Comment Removed

Yah its sad that I've only ever wanted to be thin to look good.. Ive never even thought about the health perspective. seriously.



ive been on both sides of the coin.  when i was younger i worked out all the time.  i looked great!  the problem was, i didnt have any girlfriends.  maybe it was the whole "they are threatened by me because im hot" thing.  then i got married, had three kids and "let myself go".  now i have lots of girlfriends.  i feel like i fit in with the other moms who are in the same boat as me.  we are comfortable with each other, we dont have to compete over anything like weight.  while at my biggest i actually said that i would not sacrifice my friends in order to look like i used to.  maybe it was just an excuse to keep from making a change.  now i have been diagnosed with heart disease so i must exercise, eat right and subsequently i have lost weight.  so now i am a bit worried that i wont fit in any more.  i guess i have always been insecure about things so i will continue to do so no matter what.  im hoping i can shake this off and be comfortable in my own skin.



Original Post by: ellektra

I never thought any of these things when I was overweight....


Me neither.



Real, honest reasons I want to lose weight:

  1. So I can have my picture taken and not DREAD seeing it afterward.
  2. So my body reflects all the hard work I put in eating healthy and exercising.
  3. Because I've never been "thin," and I want to know what that's like.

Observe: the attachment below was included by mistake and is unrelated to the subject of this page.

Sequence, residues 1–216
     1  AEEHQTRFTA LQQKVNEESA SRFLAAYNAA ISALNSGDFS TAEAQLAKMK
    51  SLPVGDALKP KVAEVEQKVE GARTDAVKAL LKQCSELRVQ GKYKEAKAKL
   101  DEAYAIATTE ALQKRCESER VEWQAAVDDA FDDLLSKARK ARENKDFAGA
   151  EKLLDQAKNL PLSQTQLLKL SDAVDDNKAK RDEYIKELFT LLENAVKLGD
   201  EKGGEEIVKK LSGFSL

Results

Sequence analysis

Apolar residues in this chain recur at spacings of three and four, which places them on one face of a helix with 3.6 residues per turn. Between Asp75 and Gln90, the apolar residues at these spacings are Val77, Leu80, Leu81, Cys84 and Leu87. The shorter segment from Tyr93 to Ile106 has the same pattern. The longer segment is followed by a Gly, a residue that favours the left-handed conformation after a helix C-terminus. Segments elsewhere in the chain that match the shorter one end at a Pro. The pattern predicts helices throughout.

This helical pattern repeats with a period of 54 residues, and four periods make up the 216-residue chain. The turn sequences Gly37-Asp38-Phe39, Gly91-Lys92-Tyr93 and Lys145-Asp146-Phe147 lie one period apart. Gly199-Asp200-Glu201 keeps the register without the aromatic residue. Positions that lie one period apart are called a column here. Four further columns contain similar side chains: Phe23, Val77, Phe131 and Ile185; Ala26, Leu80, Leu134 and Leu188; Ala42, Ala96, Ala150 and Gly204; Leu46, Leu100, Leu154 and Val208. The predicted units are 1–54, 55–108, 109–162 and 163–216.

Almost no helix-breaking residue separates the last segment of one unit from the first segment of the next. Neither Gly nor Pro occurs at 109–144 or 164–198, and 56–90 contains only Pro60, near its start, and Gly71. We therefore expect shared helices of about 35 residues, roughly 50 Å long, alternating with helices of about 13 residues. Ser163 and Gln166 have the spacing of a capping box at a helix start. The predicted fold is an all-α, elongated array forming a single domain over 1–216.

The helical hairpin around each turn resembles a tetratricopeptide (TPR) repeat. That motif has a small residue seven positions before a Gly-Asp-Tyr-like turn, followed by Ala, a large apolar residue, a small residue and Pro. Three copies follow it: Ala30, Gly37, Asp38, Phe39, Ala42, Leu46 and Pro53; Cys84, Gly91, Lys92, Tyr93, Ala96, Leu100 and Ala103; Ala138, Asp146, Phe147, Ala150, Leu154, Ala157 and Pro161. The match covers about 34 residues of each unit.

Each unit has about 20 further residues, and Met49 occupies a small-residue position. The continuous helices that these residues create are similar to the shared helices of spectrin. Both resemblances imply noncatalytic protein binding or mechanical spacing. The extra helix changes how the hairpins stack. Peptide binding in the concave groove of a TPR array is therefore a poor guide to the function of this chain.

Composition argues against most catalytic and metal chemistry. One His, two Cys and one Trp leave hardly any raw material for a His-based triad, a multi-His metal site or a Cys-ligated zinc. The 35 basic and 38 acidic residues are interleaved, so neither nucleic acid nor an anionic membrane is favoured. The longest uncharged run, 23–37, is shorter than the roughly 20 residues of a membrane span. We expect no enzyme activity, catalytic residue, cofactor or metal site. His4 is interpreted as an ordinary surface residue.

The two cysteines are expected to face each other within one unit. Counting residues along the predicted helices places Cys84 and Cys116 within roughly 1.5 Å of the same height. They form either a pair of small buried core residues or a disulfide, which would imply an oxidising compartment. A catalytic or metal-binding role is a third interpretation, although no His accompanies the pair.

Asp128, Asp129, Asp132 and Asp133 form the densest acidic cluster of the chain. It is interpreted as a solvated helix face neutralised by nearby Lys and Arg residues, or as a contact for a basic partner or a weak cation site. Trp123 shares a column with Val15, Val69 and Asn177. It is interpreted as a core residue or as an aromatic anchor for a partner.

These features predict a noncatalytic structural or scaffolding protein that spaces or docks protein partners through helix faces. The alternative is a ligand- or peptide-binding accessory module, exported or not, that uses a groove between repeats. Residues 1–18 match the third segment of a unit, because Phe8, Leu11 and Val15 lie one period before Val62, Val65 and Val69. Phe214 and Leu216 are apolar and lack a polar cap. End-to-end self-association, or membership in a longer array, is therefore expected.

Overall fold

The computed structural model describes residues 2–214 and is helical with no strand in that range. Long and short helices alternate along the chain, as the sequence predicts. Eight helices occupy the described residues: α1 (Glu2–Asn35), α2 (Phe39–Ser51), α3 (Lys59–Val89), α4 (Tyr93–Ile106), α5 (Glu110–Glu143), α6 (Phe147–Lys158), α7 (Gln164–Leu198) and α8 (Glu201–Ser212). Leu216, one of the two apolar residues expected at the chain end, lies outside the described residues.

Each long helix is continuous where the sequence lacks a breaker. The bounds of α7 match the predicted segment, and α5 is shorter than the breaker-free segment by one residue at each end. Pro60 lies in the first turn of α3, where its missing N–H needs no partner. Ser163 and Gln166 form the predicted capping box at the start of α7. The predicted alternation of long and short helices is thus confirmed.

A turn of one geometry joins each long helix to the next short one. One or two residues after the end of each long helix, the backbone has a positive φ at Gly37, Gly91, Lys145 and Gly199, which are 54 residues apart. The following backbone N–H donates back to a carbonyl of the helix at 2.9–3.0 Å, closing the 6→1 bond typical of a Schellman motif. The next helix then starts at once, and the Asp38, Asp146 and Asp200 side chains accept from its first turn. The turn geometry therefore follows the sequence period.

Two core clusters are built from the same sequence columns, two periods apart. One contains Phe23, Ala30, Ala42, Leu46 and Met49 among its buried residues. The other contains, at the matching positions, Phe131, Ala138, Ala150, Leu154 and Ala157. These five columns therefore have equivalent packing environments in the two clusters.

4. To prove to myself that I can do it if I keep trying, that this goal that I've been working on my entire life is achievable.
  5. To feel more attractive. Yup, I said it. Blurp. 

Here's a question: even if your motivations for losing weight are not the healthiest (ex: I want to be able to fit in), is it okay to lose weight, as long as you do it in a healthy way (balanced diet, moderate exercise, with reasonable deficits)?



I agree. Whoever this "just email me" guy is needs to stop now.



To look good naked



Comment Removed

I don't want to jiggle when I walk anymore, and I want to look better in my clothes.  I am tired of my waistbands pinching me.  But I really love food; my worst problem is portion control.  When something is good, I just want to keep eating it!  I didn't think any of the above things either; that kind of thinking is a path I never followed.  But when you bend over to tie your shoes or to sit up from lying down and your stomach gets in the way and you squish it, it's very uncomfortable and I'd like to get rid of that feeling.

 



There are benefits to loosing weight such as looking good, being able to find clothes easier and what not but those are all pretty superficial.  All of my close relatives are overweight to obese and have health problems such as diabetes and heart related issues.  My mom's brother has had a hip replacement and two knee surgeries and my mom one knee surgery so far all because of the extra weight they have been carrying around for years.  My reason for loosing weight is I don't want to have to go through that, not saying that other genetically related health problems wont get me but at least there is one thing I can control in all this.



My motivation is to meet both physical and social acceptance.
I physically must lose weight and emotionally I want to be accepted when I walk into a job interview.  It is hard to convince a new employer that you will do a good job for them if you are not taking good care of your own health.  I am an HR professional and know the positive and negative of both sides of this